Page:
Once an employee establishes a prima facie case of religious discrimination, the employer must proffer a legitimate, non-discriminatory reason for the adverse employment action. If the employer shows that it had a legitimate, non-discriminatory reason, then the employee must demonstrate that the employer’s articulated reason for the adverse employment action is a pretext for religious discrimination. The employee may prove pretext by demonstrating that a discriminatory reason more likely motivated the adverse employment action or by showing that the employer’s articulated reason for the adverse employment action is unworthy of belief.

How Religious Discrimination Usually Occurs

Because “smoking gun” evidence of discrimination rarely exists, most employment discrimination cases are proven using the disparate treatment theory. As the U.S. Supreme Court explained in International Bhd. of Teamsters v. United States, 431 U.S. 324 (1977), “disparate treatment is the most easily understood type of discrimination.” In a disparate treatment case, the employer treats an employee differently or less favorably than other employees on the basis of race, color, national origin, sex, pregnancy, religion, disability, or age. Thus, as the U.S. First Circuit Court of Appeals in Leblanc v. Great Am. Ins. Co., 6 F.3d 836 (1st Cir. 1993) observed, “[a] disparate treatment cause of action accrues when an employer treats an employee less favorably than others because of her race, color, religion, sex, [pregnancy], national origin, [disability], or age.”

In the context of religious discrimination, disparate treatment occurs when an employer treats the employee claiming religious discrimination differently or less favorably from an employee of a different religion or of no religion at all. For example, the employer fires an employee who is Mormon for misconduct, but the employer does not fire employees of a different religion or of no religion at all who were involved in or accused of the same misconduct. Likewise, the employer terminates an employee who is Jewish for engaging in unprofessional behavior, but the employer does not fire employees of a different religion or of no religion at all who engaged in the same or similar behavior. Similarly, the employer discharges an employee who is Muslim because of work performance problems, but the employer does not discharge employees of a different religion or of no religion at all who have similar or worse work performance problems. In each of these examples, the key feature is that the employer is meting out more lenient treatment for employees of a different religion or of no religion at all.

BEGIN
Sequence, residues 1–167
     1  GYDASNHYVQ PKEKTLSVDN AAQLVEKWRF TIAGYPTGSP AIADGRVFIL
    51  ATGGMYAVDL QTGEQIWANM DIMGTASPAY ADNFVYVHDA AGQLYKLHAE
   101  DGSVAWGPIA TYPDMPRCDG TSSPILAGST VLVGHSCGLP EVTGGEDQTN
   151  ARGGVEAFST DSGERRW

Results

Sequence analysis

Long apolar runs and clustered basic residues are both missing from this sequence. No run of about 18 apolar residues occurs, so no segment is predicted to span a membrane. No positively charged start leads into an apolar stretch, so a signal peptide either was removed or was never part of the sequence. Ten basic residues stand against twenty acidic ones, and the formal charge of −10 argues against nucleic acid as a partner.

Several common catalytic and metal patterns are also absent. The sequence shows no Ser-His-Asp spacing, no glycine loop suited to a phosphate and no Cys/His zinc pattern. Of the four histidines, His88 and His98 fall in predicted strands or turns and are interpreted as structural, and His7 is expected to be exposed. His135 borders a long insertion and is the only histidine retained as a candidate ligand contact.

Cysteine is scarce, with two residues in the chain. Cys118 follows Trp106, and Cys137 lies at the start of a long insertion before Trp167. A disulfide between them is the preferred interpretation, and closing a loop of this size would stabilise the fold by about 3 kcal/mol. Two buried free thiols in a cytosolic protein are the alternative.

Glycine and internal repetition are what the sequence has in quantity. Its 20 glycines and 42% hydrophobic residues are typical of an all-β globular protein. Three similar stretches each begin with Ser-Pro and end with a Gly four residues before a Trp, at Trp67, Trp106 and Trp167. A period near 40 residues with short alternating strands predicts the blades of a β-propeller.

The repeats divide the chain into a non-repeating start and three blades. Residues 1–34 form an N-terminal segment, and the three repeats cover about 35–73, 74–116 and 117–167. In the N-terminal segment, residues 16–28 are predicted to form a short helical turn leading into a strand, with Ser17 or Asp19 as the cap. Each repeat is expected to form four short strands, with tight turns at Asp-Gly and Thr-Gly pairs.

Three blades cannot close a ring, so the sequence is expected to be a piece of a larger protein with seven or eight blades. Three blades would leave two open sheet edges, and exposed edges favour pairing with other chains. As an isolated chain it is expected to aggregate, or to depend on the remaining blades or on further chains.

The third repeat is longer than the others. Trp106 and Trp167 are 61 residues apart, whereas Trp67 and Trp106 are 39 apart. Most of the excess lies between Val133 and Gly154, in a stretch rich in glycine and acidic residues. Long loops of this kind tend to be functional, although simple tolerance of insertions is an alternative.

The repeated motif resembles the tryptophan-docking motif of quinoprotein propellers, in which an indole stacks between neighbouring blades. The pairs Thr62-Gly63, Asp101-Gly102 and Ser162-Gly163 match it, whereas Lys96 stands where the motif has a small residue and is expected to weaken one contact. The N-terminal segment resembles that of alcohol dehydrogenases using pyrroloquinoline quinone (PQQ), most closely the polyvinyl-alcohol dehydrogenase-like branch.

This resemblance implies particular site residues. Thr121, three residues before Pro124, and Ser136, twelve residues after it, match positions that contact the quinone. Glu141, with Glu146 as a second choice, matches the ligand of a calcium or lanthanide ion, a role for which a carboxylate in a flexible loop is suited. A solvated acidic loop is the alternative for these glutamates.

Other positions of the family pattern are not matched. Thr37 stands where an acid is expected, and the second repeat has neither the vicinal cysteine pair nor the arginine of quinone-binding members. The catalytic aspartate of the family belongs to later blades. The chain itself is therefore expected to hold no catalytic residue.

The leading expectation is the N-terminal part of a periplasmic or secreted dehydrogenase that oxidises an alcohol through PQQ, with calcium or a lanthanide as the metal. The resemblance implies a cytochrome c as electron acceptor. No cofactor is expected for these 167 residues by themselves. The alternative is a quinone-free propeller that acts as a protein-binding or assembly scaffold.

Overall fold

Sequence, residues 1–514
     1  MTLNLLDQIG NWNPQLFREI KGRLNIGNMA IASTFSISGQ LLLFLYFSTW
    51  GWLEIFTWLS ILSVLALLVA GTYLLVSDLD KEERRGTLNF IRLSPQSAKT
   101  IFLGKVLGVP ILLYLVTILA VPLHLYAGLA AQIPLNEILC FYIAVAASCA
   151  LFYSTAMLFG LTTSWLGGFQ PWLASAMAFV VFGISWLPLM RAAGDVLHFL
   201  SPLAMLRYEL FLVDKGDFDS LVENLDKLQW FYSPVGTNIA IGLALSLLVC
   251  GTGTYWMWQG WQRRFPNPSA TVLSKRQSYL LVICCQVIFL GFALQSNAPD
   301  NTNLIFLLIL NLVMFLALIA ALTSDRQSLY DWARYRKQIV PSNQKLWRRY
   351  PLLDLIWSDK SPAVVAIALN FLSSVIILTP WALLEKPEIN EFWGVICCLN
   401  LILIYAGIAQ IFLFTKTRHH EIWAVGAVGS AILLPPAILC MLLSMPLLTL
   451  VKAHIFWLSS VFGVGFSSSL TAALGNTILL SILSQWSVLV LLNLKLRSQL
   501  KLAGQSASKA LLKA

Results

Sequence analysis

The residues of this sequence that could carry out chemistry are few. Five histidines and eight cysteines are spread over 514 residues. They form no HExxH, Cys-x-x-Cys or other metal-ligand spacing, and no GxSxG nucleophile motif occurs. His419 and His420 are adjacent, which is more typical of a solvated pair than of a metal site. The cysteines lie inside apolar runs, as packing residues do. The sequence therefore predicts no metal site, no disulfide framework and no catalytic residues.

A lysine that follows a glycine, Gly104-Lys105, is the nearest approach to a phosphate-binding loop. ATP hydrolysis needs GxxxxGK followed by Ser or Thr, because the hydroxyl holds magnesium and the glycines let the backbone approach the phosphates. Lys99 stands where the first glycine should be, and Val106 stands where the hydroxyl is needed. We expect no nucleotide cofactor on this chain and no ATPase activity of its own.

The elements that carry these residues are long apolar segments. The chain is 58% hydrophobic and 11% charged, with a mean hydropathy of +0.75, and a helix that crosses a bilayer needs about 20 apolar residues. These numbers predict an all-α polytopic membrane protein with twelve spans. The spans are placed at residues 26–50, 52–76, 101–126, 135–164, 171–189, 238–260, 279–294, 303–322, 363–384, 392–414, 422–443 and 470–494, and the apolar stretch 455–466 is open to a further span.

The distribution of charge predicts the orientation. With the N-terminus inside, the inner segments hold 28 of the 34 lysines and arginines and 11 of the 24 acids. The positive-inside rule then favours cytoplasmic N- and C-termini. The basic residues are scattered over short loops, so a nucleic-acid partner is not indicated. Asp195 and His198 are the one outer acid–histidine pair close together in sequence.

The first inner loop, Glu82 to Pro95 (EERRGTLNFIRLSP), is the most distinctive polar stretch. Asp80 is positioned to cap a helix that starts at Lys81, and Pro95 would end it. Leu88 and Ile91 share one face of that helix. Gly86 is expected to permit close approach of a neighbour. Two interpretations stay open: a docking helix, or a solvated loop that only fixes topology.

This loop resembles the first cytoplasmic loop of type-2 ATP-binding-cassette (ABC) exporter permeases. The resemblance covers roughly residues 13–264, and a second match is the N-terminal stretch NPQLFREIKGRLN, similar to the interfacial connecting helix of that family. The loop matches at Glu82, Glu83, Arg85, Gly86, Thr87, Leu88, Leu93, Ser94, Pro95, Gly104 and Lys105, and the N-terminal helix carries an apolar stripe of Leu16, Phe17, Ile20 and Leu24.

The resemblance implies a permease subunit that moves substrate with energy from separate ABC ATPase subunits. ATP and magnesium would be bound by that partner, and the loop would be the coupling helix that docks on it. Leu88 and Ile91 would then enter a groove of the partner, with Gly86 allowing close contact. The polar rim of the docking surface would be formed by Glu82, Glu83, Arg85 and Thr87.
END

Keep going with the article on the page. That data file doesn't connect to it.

Showing that an employer treated an employee of a particular religion differently or less favorably from an employee of a different religion or of no religion at all is a form of circumstantial evidence used to prove religious discrimination. Indeed, as explained by the U.S. Supreme Court in Hazen Paper Co. v. Biggins, 507 U.S. 609 (1993), “[p]roof of discriminatory motive [in employment discrimination cases] is critical, although it can in some situations be inferred from the mere fact of differences in treatment.” When the treatment of the employee claiming religious discrimination differs from that accorded to employees of a different religion or of no religion at all, it can be inferred that the aggrieved employee was treated differently because of his or her religion. In most cases, as the U.S. Eighth Circuit Court of Appeals in Bogren v. Minnesota, 236 F.3d 399 (8th Cir. 2000) pointed out, “instances of disparate treatment may be enough to present a jury question” as to whether the employer discriminated against an employee on the basis of religion.

The decision by the U.S. District Court for the Northern District of Iowa in Vetter v. Farmland Industries, 884 F.Supp. 1287 (N.D. Iowa 1995) is illustrative of a religious-based disparate treatment claim. In that case, an employee claimed that he was fired because of his religion in violation of Title VII. The employee was employed as a Livestock Production Specialist (LPS) and responsible for a sales territory surrounding Webster City, Iowa. The employee’s disparate treatment claim was founded on an allegation that after he informed his supervisor that he is Jewish and wanted to live in Ames, Iowa because it had an active Jewish community, the employer for the first time imposed a requirement that he live within the Webster City sales territory and ultimately fired him for his refusal to live within that sales territory.